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Protocol for regional implementation of collaborative lung function testing

  • npj Primary Care Respiratory Medicine 26, Article number: 16024 (2016)
  • doi:10.1038/npjpcrm.2016.24
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The potential of forced spirometry (FS) testing for diagnosis, monitoring and management of chronic respiratory patients is well established1,​2,​3 such that FS is a pivotal test in both respiratory medicine and primary care. Moreover, it also shows potential in the informal care scenario: that is, in pharmacy offices for case-finding purposes4,5 and for self-management in selected patients.6,7

We acknowledge that well-designed studies8 have failed to show practical benefits of FS for asthma and COPD diagnosis and management in primary care. However, it has been demonstrated that historical limitations for extensive use of FS in primary care, because of suboptimal quality of testing, can be overcome by off-line remote support by specialised professionals.9,10 Large-scale deployment of this type of setting has generated evidence of cost-effectiveness.11,12

All the above elements13,14 allow us to identify and develop9,15,​16,​17,​18 the four pivotal components needed for regional deployment in Catalonia (ES; 7.5 million inhabitants) of a collaborative FS program across health-care tiers. The four core components of the FS program are illustrated in Figure 1. The underlying hypothesis is that the proposed FS program facilitates the transference of diagnostic testing from specialised care to non-specialised primary care professionals, which may generate significant health-care efficiencies and provide valuable information on longitudinal changes of lung function either spontaneously or because of interventions.

Figure 1
Figure 1

Four pivotal components (circles with light-blue background) for regional deployment of the collaborative FS program across health-care tiers. Dotted-line empty circles illustrate underlying health information systems.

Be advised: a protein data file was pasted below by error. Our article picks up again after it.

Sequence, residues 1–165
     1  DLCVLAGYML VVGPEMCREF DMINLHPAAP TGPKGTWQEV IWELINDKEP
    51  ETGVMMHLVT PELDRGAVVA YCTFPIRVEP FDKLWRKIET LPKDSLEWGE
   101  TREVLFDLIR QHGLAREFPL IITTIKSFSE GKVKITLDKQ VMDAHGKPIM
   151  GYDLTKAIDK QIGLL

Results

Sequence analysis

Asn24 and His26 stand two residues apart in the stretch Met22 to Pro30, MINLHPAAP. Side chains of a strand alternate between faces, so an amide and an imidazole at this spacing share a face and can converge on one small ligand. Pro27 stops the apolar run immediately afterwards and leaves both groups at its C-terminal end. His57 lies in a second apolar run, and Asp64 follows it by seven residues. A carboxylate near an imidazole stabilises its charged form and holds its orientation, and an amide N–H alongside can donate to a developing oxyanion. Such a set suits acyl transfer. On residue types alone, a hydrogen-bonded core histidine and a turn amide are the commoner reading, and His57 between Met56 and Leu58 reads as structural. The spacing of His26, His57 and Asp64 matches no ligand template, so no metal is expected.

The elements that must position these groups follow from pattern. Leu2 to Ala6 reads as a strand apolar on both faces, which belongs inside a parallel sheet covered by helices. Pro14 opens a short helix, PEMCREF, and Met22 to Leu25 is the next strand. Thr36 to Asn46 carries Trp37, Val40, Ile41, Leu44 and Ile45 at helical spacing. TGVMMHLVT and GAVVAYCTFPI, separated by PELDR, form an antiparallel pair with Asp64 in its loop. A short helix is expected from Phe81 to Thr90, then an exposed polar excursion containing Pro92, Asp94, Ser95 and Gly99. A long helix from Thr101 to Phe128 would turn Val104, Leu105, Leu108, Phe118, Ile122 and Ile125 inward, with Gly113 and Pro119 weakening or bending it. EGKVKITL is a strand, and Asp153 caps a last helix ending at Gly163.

The current protocol describes the roadmap for scale-up of the Catalan collaborative FS program based on the existing regional interoperability setting among health-care providers, which has two principal components, namely, (i) the regional shared electronic health-care record19 allowing health information exchange among providers, and (ii) the personal health folder20 that facilitates citizen's accessibility to his/her health-care information.


The current protocol describes the elements for the deployment of an innovative collaborative FS testing program across health-care tiers in Catalonia. The roadmap for deployment of the FS program has three well-defined actions. The first is implementation of the program in three health-care sectors during the first semester of 2016. Thereafter, deployment of the program throughout the entire Catalan region will be completed by the end of the year. Third, the research is paying specific attention to two distinctive transferability aspects: that is, adaptability of the FS program to sites having different interoperability schemes or no interoperability at all, and generalisation of this type of program to other respiratory (i.e., home-based sleep studies) and non-respiratory (i.e., electrocardiogram) testing modalities. Moreover, the deployment process of the FS program will also cover the needs for data analytics allowing longitudinal assessment of lung function changes with relevant implications in future personalised patient management.21


The FS program emerges from a series of studies reporting on technological solutions for each of the main components illustrated in Figure 1.9,16,​17,​18 Their articulated application covers unmet needs for collaborative FS testing. The studies were initiated within the EU project NEXES,22,23 and specific parts of the overall setting have already been successfully evaluated in the Basque Country.11,12

The setting and study design

The current protocol has been designed as part of the regional deployment of integrated care services in Catalonia.22,23 It consists of the two lines of activity ultimately aiming at (i) regional adoption of the FS program and (ii) generalisation of the approach to other areas, as well as to other testing procedures (i.e., home-based sleep studies, electrocardiogram and so on). The research was approved by the Ethical Committee of the Hospital Clínic de Barcelona, and it has been registered at Id: NCT02592928.